WASHINGTON — A steady flow of staff members parade in and out of the headquarters of the Maryland Renaissance Festival in Crownsville. With just days before opening weekend, everyone involved in the massive production needs something.
Vendors need contracts; staff need passes; the FedEx guy needs to dump dozens of boxes somewhere.
The rehearsal calendar tacked on the wall astutely refers to the days leading up to opening weekend as “hell week,” but organizers insist the bustle is nothing serious.
“This is pretty quiet for two days before opening weekend,” says office coordinator Jaki Shives as she dashes to answer the phone. “It gets way worse.”
The ringing is incessant. Office assistant Hannah Smith fields endless questions from callers curious about ticket prices, parking information and driving directions.
The 22-year-old college student repeats her well-rehearsed answers calmly and politely despite the flurry of demand.
“I was exposed to all of this at a really early age,” she says. “I’m really used to quirky and interesting people.”
She grew up among the stalls and taverns of the Maryland Renaissance Festival. Her father, Jules Smith Jr., is the president and general manager. He first became interested in the 16th century after attending the Minnesota Renaissance Festival in 1971 with his dad, Jules Smith Sr., who was a shareholder in the new enterprise.
“I went to the first one the first day it opened, and I was hooked,” Jules Smith says. “But I was only 12 and I couldn’t run away and join the circus, so I had to wait a while.”
The Smith family became increasingly involved in Renaissance fairs throughout the 1970s, and eventually founded their own in Columbia, Maryland.
The first bits of that festival were created in the family driveway in Minnesota and eventually shipped to Maryland, where they had acquired a “generous lease” from real estate mogul and family friend Jim Rouse, Smith says.
They maintained the Columbia location for eight years until the Rouse Company needed the land for development. The festival moved to Crownsville, where it now sits on 130 aces.
What started off as an initial $3,000 investment from Jules Smith Sr. has turned into one of the country’s premiere 16th-century replica villages, complete with actors, artisans and a bevy of performers whose talents range from sword swallowing to jousting.
Even artistic director Carolyn Spedden started as an actress at the festival 20 years ago before turning in her Renaissance garb for a desktop computer.
Her office job doesn’t keep Spedden far from the stage, however. She is a founding member of Shakespeare’s Skum, a troupe that performs parodies of the scribe’s tragic works.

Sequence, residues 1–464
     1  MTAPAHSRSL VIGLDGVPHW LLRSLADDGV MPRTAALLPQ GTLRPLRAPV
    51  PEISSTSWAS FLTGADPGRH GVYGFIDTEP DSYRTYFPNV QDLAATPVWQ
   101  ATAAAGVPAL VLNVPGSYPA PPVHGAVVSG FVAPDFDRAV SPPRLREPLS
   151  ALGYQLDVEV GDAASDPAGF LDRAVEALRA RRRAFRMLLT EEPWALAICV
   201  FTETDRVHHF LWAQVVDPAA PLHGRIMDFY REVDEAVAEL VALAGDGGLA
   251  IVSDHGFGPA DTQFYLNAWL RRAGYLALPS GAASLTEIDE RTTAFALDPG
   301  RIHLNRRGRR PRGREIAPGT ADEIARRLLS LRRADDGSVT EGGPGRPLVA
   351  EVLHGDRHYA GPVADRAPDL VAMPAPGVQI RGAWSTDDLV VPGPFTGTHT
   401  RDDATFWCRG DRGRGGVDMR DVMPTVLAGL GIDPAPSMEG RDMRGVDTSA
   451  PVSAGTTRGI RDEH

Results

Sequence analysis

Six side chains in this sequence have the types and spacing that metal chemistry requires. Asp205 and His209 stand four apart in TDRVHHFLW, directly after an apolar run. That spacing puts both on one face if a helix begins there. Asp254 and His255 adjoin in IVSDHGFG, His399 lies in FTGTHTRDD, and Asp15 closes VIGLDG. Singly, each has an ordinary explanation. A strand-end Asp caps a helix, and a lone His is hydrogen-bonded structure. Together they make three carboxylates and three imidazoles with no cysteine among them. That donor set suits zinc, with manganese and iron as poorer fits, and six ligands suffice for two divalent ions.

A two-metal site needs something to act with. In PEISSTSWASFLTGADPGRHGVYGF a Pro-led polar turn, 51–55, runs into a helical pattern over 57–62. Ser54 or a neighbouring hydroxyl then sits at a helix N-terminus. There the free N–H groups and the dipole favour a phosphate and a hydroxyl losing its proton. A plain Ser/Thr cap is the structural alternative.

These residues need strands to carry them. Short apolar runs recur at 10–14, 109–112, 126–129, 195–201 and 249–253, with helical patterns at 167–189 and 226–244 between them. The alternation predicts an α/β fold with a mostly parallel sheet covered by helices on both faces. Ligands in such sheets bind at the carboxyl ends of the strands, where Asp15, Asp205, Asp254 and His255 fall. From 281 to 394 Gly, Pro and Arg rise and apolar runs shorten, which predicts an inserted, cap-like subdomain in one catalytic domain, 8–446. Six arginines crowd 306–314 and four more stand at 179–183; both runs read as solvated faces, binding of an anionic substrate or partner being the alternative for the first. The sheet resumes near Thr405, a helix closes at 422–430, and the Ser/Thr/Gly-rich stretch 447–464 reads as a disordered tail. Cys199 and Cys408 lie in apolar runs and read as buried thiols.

“I’m a bit of an Anglophile and I love history,” she says. “I really like the Victorian period, but King Henry VIII is fascinating.”
King Henry is a permanent character at the festival. Each year, Spedden writes a script based on a different aspect of his reign, and uses that to create a theme and storyline for actors to follow throughout the nine-week fest.
This year’s narrative centers around the execution of the Duke of Buckingham, who was seen as a threat to King Henry’s legacy.
“The duke was third in line and the king didn’t have any sons yet,” Spedden explains. “Buckingham was considered a viable option to assume the throne if something happened to the king.”
So it was off with his head.
“The real stuff is just so amazing, you don’t have to make it up,” Spedden says of her inspiration for writing scripts.
A classically trained actress, Spedden says that performing at the Renaissance festival is an experience unlike any other.
“There is no lighting, no sets, no [microphones] … no rules,” she says.
“Anything can happen. We’re used to the unexpected.”
Mark “Coop” Cooper has been selling his wooden creations at the Maryland Renaissance Festival for 10 years. He and his wife, Katrina Hoffman, who is busy painting the steps of their makeshift store, spend most of the year preparing for this fair.
“I carve spiritual symbols and Celtic knots out of single pieces of cedar,” Cooper says as he proudly displays one of his creations.
It’s called a “kitten knot,” and features the profile of two cats whose intertwined tails twist into a feline version of the endless knot.
“All of us here do our own stuff by hand,” he says. “It’s why we differ from every other Renaissance festival in America.”
Over the course of its 38-year history, the Maryland fair has carved out a singular reputation among picky artisans.
Cooper, for instance, lives near the Texas Renaissance Festival, the biggest in the country, yet spends the season selling his work in Crownsville. He says the quality of craftsmanship at this event surpasses all others.
“I was a guest artist for about two weeks before I was invited to buy a shop at the festival,” Cooper says. “People looking to buy art directly from artists know to come here.”
Down the road, Terry Boquist is hurriedly lifting heavy pieces of handmade wooden tables, chairs and sculptures. His wares are made from Northern California tree trunks and other bits of wood collected in various American forests.
Boquist first met the Smith family in his native Minnesota more than 30 years ago. Around the same time, he befriended Johnny Fox, the famed sword-swallower who has been performing at the Maryland Renaissance Festival since its early years.
On the weekends when the crowds have dispersed, many of the vendors and staff members gather for potlucks or to hear each other perform, Boquist says. The replica village is transformed into a real village of like-minded artists relaxing after a hard day’s work.
“We’re a family,” Boquist says. “We’re all in this together.”
The Maryland Renaissance Festival starts Saturday in Crownsville and runs weekends through Oct. 19. For a full schedule and information on getting tickets, click here.
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